Along with a shared significant supporter—SEIU—the campaigns in New York, Chicago, St. Louis and Detroit have apparent strategies in common. Rather than waiting until they’ve built support from a majority of a store’s or company’s workers, they stage actions by a minority of the workforce designed to inspire their co-workers. Rather than publicly identifying the campaign and its organizers with a single international union, these union-funded efforts turn to allied community groups to spearhead organizing. Rather than training all their resources on a single company, they organize against all of the industry’s players at once. And—faced with legal and economic assaults that have weakened the strike weapon—these campaigns mount one-day work stoppages that are carefully tailored to maximize attention and minimize, but not eliminate, the risk that workers will lose their jobs.

Whether these strategies can ever compel a fast food giant to negotiate with its employees remains to be seen.

“After what I would consider well over three decades of wage suppression, workers in this particular industry—and then I think it’ll go to others—are realizing that their only way up the wage ladder is through their own organizations,” CUNY labor studies lecturer Ed Ott said Wednesday. Ott, a board member of the community organizing group that spearheaded the New York fast food strike, added, “The only way these workers are going to be able to advance these jobs is through unionization. And I think that idea has finally gotten traction.”

Update (9:15 AM Friday): According to the campaign, a walkout by twenty workers at Detroit’s 10400 Gratiot Avenue McDonald’s prevented the store from operating. Some workers brought in as strikebreakers to replace those striking workers chose to join the strike instead.

Organizers say that by day’s end, today’s strike could be the largest fast food work stoppage yet, topping last month’s 400-strong strike in New York.

Source

Fuck yeah.

I have to say, considering Jimmy John’s is featured here, I’m disappointed the IWW hasn’t been remotely mentioned, but of course I’m also not surprised. (I’m furthermore hoping this doesn’t get picked up by the SEIU or any trade unions because not even SEIU has a concept of total militancy…) But still, this is a fantastic development. Solidarity with all the strikers!

Fill our inbox and/or email with information about the IWW. I’ve heard bits and pieces about the organization (things I’ve heard that may or may not be true: was syndaclist, now isn’t; was problematic, now isn’t). Anyway, ya’ll’ve got a strong enough internet presence to peak my curiosity. 

Fast food strike wave spreads to Detroit, St. LouisMay 10, 2013
St. Louis, and last month’s in New York and Chicago, today’s work stoppage is backed by a local coalition including the Service Employees International Union, and the participants are demanding a raise to $15 an hour and the chance to form a union without intimidation.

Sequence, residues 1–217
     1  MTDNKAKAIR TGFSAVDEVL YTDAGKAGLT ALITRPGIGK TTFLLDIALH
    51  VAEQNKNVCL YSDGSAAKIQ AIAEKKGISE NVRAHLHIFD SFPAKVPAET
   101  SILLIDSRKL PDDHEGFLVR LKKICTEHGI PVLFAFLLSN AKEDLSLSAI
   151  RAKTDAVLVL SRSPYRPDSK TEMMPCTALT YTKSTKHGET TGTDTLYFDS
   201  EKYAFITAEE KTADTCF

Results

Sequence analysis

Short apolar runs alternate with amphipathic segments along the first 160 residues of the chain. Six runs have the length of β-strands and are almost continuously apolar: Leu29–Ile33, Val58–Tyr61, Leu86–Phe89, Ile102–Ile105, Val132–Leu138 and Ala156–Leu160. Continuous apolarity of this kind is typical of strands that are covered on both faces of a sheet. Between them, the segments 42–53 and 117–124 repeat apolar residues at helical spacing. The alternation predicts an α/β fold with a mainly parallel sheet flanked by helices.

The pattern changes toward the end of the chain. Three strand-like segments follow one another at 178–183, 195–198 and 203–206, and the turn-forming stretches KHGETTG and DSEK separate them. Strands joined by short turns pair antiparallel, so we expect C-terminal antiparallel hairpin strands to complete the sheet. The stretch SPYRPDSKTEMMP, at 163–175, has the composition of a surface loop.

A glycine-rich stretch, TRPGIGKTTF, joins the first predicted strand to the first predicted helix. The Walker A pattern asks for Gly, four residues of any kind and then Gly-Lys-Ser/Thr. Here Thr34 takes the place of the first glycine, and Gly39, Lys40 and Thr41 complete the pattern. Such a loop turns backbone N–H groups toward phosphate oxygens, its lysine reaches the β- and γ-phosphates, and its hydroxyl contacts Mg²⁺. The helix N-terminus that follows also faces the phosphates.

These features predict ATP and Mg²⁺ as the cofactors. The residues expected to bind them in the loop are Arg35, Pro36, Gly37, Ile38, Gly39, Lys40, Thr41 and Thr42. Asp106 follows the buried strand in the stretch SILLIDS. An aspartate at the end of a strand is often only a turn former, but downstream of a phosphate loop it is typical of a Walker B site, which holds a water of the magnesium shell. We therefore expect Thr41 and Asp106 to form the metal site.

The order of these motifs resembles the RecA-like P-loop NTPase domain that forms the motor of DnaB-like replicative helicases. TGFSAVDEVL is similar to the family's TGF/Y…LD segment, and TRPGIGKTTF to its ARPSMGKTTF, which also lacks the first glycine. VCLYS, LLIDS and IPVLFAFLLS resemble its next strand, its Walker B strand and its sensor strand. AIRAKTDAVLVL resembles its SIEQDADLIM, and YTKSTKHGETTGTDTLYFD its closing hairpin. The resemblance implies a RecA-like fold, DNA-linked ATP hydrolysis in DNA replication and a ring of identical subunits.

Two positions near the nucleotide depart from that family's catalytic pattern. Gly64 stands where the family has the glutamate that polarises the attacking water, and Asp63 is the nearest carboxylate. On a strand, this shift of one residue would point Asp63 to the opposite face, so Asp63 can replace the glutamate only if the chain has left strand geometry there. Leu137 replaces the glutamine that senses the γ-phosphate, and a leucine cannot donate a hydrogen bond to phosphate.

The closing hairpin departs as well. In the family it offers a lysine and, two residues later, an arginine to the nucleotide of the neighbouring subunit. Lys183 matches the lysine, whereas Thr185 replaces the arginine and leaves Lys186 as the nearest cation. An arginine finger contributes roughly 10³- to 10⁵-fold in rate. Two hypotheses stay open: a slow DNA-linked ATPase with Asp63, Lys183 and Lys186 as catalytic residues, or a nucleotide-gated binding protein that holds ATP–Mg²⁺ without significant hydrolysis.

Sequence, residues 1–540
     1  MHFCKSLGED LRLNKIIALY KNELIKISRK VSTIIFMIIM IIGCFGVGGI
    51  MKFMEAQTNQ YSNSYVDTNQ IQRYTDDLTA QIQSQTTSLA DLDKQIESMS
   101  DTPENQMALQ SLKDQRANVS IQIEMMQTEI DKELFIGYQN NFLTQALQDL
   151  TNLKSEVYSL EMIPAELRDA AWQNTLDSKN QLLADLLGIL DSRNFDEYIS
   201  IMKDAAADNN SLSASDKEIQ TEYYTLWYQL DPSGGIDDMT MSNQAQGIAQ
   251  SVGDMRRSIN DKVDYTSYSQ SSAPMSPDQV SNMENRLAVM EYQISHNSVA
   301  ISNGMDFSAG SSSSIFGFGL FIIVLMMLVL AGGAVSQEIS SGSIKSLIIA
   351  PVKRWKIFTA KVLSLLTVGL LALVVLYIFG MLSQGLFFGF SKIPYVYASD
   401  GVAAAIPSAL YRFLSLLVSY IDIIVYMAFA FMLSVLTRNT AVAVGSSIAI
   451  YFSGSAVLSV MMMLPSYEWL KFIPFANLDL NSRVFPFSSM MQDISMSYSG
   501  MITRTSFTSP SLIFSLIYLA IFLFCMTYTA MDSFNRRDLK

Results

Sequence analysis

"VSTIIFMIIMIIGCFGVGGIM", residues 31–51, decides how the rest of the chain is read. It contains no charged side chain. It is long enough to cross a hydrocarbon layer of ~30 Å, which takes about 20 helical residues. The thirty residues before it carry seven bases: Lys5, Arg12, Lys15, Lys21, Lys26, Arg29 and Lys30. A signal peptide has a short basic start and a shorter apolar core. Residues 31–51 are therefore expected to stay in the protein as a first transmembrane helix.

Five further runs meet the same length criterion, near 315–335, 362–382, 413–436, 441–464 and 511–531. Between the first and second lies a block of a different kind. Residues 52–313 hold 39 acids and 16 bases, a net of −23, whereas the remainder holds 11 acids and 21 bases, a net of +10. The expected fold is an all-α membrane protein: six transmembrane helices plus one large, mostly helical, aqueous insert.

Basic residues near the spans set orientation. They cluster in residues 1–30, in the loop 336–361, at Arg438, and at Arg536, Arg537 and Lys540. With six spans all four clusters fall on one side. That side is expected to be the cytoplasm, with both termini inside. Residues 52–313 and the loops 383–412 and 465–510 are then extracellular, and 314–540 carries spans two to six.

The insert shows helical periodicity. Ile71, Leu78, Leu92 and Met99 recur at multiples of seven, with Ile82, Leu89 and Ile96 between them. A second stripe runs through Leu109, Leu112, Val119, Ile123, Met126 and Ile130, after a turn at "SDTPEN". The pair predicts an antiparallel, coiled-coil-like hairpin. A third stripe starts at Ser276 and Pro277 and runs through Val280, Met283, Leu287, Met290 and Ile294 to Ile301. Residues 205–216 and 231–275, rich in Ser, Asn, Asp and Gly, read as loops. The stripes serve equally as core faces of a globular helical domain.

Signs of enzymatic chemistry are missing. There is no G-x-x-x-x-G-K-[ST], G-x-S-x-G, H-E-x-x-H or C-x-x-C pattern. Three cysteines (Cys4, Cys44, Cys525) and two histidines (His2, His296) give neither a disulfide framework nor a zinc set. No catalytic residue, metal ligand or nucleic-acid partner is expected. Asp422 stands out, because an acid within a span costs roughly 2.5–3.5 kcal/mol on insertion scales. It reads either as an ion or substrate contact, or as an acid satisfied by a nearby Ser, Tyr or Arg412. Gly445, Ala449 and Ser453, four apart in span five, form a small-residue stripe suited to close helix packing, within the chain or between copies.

Organizers say that over a hundred workers joined the St. Louis strike between Wednesday and Thursday. That included a group of Jimmy John’s workers who alleged that management humiliated them by requiring them to hold up signs in public with messages including “I made 3 wrong sandwiches today” and “I was more than 13 seconds in the drive thru.”
“Sometimes I walk for more than an hour just to save my train fare so I can spend it on Ramen noodles,” St. Louis Chipotle worker Patrick Leeper said in an e-mailed statement Thursday. “I can’t even think about groceries.”
A spokesperson for Jimmy John’s declined to comment on Thursday’s strike; McDonald’s and Wendy’s did not respond to inquiries last night.
As I’ve written elsewhere, the fate of the fast food strike wave carries far-reaching implications: Fast food jobs are a growing portion of our economy, and fast food-like conditions are proliferating in other sectors as well. Organizers say the fast food industry now employs twice as many Detroit-area workers as the city’s iconic auto industry. These strikes also come at a moment of existential crisis for the labor movement, a sobering reality that was brought into sharp relief in December when Michigan, arguably the birthplace of modern US private sector unionism, became the country’s latest “Right to Work” state.
Along with a shared significant supporter—SEIU—the campaigns in New York, Chicago, St. Louis and Detroit have apparent strategies in common. Rather than waiting until they’ve built support from a majority of a store’s or company’s workers, they stage actions by a minority of the workforce designed to inspire their co-workers. Rather than publicly identifying the campaign and its organizers with a single international union, these union-funded efforts turn to allied community groups to spearhead organizing. Rather than training all their resources on a single company, they organize against all of the industry’s players at once. And—faced with legal and economic assaults that have weakened the strike weapon—these campaigns mount one-day work stoppages that are carefully tailored to maximize attention and minimize, but not eliminate, the risk that workers will lose their jobs.